NHS has made its soup and shake weight-loss plans to tackle type 2 diabetes available in specific sites in the country.
The diet and lifestyle plans have been shown to put Type 2 diabetes into remission for people recently diagnosed with the condition, and will now be provided to 5,000 more patients in 10 areas as the first stage in an NHS drive to increase access to the life-changing programme.
Diabetes is estimated to cost the NHS £10 billion a year, while almost one in 20 prescriptions written by GPs is for diabetes treatment. The year-long plans will see those who could benefit provided with ‘total diet replacement products’, such as shakes and soups, for three months, alongside support to increase their exercise levels.
To help people maintain a healthy lifestyle and avoid complications linked to obesity patients will also be offered managed plans for reintroducing ordinary, nutritious food, with ongoing support from clinicians and coaches after that. Results from one trial showed almost half of those who went on the diet achieved remission of their Type 2 diabetes after one year.
NHS research earlier this year revealed people with Type 2 diabetes are two times more at risk of dying from coronavirus. A further study published last week by the University of North Carolina found that people with obesity are 113% more likely to be admitted to hospital with coronavirus and 74% more likely to need intensive care treatment.
As well as helping individuals lead happier and healthier lives, enhanced action on obesity and diabetes is also expected to save the NHS money and free up staff time.
Professor Jonathan Valabhji, NHS national clinical director for diabetes and obesity said: “This is the latest example of how the NHS, through our Long Term Plan, is rapidly adopting the latest evidence-based treatments to help people stay well, maintain a healthy weight and avoid major diseases.
“There has never been a more important time to lose weight and put their Type 2 diabetes into remission, so it’s good news for thousands of people across the country that practical, supportive measures like this are increasingly available on the NHS.”
This latest announcement builds on the NHS Long Term Plan’s success in rolling out new ways of supporting people with diabetes.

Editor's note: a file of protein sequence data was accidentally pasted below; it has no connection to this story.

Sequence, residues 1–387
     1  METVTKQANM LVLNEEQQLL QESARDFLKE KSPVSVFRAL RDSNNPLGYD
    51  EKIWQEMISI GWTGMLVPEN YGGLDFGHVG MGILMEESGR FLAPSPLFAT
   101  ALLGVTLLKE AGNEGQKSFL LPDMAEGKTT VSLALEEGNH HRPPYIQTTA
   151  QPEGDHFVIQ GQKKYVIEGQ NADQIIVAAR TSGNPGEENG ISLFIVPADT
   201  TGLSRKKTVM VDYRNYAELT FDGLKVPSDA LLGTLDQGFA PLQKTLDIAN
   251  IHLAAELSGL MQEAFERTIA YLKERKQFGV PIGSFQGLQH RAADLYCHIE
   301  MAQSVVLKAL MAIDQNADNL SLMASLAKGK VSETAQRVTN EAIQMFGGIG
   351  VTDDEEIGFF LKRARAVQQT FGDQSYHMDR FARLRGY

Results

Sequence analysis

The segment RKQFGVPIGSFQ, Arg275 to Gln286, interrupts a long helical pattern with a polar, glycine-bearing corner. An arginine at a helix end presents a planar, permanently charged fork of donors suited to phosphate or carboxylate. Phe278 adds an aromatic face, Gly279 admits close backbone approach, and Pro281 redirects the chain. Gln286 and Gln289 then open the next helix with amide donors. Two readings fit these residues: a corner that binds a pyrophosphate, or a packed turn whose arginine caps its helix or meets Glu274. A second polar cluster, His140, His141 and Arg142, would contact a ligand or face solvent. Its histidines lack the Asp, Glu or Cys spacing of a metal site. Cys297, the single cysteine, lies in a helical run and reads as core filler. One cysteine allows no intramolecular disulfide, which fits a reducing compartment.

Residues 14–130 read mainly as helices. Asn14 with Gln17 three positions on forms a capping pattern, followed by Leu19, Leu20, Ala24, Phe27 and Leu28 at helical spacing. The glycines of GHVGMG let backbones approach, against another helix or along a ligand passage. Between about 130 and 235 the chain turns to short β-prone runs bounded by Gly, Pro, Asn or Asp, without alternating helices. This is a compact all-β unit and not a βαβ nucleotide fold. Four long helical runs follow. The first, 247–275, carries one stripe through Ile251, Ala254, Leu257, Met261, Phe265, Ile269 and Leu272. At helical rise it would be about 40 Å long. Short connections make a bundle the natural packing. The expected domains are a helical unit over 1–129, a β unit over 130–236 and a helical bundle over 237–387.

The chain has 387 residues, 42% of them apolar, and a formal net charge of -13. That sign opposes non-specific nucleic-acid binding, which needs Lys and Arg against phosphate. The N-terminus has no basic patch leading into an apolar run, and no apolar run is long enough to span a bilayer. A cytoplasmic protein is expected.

The programme is in addition to the world-leading Healthier You NHS Diabetes Prevention Programme has had over 600,000 referrals into the scheme. Individuals who are eligible can refer themselves into the programme online rather than needing a GP referral.
North East London, and North Central London is one of the sites rolling out the low-calorie diet programme.
The other sites rolling out the low-calorie diet programme are:
- North East and Yorkshire: South Yorkshire & Bassetlaw ICS, and Humber Coast & Vale STP
- North West: Greater Manchester Health & Social Care Partnership
- South East: Frimley Health and Care STP
- South West: Gloucestershire STP
- Midlands (West and East): Derbyshire STP, and Birmingham and Solihull STP
- East of England: Bedfordshire, Luton and Milton Keynes (BLMK) ICS
London: North East London, and North Central London
Black and other minority ethnic (BAME) suffer disproportionately from many chronic diseases, including type 2 diabetes. Prevailing statistics suggest that African Caribbean adults are up to three times more likely to develop Type 2 diabetes than people of white European origin. Reasons for racial disparities in diabetes prevalence are not clear, but behavioural, environmental, socioeconomic, physiological, and genetic contributors have all been postulated.
Some analysts have suggested the one-size-fits-all strategies to prevent or control the development of Type 2 diabetes can be less effective in UK Black African Caribbean communities.
In June, the NHS launched new online tools for people living with diabetes.
Three new services will allow people to manage their condition online. There is a range of online videos and training available on each app for children and adults.
Recent findings show that people with diabetes face a significantly higher risk of dying with COVID-19. However better management of the condition can help improve control and lead to better outcomes.